This might very well be one of the most eye-opening posts I’ve written yet in this series. If you’ve ever tried forming strategic alliances only to find you never got any referrals once the CPA or other professional agreed to work with you, you’re certainly not alone. What I’m going to share with you this week is going to open your eyes in a big way as to why you experienced this result (or I guess I should say, lack of results).
Here’s the reality: The approach almost 100 percent of advisors use in building strategic alliances only goes about halfway to successfully implementing the relationship. The approach usually goes like this: “Get the CPA (or whomever) to like me, get them to agree to work with me, and then sit back and wait for the referrals to come flooding in.” I’m going to go out on a limb here and assume you’ve experienced something similar to this. I think anyone who’s ever tried forming strategic alliances has been there and experienced that. I know I have.
The difference in my relationships now is that I finally realized where I was falling short. The core problem with the approach was twofold.
- I was waiting on the CPA to do the referring.
- The CPA’s clients never knew the relationship existed unless the CPA told them about it.
So how did I solve these problems? I found a way to build direct relationships and gain personal introductions to each and every one of the CPA’s clients. I realized that once I got the CPA on board I had to get creative in building an approach that would take the responsibility of referring out of the hands of the CPA, and put the CPA’s clients in control of referring themselves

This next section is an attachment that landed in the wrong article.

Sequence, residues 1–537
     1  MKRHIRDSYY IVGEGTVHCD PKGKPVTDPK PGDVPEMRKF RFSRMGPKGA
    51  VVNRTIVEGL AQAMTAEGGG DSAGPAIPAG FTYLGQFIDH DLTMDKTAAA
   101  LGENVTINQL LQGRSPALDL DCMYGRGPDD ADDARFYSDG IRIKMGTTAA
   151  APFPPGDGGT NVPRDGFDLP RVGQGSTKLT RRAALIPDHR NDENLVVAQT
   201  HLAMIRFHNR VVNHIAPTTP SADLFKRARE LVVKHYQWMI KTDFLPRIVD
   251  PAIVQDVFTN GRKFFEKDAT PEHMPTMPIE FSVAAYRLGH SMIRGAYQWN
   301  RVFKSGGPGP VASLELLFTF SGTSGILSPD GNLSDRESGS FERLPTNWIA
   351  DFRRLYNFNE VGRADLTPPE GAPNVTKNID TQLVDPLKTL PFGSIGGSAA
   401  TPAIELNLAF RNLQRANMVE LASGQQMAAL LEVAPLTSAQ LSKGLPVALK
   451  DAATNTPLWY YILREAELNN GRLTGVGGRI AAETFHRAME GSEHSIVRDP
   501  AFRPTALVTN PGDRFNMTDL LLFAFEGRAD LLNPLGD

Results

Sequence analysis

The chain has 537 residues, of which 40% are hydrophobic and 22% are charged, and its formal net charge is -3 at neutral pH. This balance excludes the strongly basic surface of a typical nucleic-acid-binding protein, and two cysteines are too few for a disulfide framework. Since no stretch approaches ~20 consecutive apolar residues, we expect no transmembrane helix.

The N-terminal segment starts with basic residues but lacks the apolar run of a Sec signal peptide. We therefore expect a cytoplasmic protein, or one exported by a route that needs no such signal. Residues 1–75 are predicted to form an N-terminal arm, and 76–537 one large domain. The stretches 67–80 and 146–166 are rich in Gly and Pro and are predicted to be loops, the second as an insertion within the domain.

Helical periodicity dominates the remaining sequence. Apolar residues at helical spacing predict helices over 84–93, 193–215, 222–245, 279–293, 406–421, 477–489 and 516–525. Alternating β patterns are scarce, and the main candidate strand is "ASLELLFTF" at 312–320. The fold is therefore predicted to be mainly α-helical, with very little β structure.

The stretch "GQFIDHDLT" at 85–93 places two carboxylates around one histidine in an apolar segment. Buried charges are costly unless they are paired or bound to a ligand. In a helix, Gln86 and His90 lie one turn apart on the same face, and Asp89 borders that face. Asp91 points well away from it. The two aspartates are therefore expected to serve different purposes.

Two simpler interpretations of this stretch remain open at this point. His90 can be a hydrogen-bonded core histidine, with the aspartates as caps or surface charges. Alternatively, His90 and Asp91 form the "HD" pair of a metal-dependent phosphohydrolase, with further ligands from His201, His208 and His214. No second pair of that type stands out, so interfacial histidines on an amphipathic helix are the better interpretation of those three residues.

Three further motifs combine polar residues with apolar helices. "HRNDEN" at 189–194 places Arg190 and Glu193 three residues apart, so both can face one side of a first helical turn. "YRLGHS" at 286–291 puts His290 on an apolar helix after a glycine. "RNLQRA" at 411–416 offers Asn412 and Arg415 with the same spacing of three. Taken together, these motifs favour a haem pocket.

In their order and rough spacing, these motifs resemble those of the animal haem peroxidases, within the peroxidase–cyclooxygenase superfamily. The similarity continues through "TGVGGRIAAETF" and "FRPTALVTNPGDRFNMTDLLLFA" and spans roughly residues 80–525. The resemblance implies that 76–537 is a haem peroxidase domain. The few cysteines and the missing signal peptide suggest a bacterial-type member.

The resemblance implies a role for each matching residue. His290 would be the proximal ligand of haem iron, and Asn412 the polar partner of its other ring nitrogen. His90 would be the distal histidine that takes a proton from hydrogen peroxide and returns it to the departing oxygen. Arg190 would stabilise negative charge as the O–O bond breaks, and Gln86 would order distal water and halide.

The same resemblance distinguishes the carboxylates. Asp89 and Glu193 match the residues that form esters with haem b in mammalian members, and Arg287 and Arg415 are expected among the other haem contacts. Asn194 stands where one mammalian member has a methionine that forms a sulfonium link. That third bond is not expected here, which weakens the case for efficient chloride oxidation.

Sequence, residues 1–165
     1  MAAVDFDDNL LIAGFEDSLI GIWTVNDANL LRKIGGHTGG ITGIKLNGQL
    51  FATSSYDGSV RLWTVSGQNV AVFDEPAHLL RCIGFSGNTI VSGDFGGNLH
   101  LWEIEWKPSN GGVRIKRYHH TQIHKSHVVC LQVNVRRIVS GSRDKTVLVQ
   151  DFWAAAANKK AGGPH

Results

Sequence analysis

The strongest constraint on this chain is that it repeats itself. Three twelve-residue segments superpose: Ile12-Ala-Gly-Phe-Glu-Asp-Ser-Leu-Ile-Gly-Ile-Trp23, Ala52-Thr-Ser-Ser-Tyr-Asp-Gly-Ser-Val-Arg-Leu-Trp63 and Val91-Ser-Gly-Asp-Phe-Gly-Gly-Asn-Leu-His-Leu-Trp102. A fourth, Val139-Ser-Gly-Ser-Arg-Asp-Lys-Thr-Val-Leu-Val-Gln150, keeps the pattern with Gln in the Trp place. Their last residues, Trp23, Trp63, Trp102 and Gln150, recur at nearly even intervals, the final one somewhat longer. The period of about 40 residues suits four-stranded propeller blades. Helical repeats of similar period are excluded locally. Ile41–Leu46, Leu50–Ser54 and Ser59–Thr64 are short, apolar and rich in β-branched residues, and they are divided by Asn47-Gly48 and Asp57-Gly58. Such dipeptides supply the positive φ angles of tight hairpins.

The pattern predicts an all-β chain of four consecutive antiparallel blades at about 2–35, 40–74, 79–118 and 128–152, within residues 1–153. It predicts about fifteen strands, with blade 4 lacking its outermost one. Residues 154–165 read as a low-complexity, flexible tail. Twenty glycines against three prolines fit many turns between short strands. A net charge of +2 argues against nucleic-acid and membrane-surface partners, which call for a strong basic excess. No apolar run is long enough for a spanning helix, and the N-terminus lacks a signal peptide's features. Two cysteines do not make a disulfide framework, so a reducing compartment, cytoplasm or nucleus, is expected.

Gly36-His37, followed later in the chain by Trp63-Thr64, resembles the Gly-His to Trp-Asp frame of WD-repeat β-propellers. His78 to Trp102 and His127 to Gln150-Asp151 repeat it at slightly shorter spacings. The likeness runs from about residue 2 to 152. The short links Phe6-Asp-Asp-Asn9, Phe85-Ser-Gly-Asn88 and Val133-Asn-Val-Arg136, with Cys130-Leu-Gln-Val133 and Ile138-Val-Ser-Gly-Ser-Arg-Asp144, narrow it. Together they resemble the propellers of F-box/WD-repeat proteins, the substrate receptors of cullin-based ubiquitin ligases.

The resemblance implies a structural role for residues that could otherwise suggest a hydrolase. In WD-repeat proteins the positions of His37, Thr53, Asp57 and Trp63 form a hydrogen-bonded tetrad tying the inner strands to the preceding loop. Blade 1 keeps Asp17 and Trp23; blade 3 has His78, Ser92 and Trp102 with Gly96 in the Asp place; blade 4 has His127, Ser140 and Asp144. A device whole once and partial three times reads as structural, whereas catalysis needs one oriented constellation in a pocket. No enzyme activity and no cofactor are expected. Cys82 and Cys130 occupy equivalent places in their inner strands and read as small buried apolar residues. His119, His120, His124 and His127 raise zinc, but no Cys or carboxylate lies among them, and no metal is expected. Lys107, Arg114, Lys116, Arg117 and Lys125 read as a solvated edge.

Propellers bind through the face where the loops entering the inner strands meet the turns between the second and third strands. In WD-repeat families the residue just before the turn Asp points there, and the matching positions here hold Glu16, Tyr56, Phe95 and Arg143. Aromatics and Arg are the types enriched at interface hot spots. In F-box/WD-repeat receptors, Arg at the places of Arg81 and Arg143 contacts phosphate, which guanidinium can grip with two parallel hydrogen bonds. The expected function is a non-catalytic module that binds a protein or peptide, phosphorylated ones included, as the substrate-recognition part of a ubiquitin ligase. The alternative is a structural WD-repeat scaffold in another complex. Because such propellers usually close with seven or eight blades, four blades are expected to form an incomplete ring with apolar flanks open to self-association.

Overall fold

(If the light bulb didn’t just come on, read the above paragraph again.)
That one nugget of wisdom and insight was a real game changer for me. The reason this is such a huge key to success in working with alliances is because very few advisors in your market competing to work with the CPA’s clients ever realize this. Which means, because you’re reading this blog you’re already way ahead of the competition.
In my practice, this realization was one of the keys that really put the strategic relationships I had formed on fast forward. I realized that I had to develop a marketing strategy that would position me front and center within the CPA’s base of clients. I wanted them to get to know me, who I am, and what it is that I did for clients well before they ever met me in person. I did this through various marketing components, which not only served as a way of bringing value to the relationship with the CPA, but also acted as introduction tools. They are the conduit through which I am introduced to the CPA’s clients and through which the message is communicated that “Hey, Brandon is our guy. He’s the one we recommend our clients work with.” If I were waiting for the CPA to call each of their clients and relay this message, it would never happen.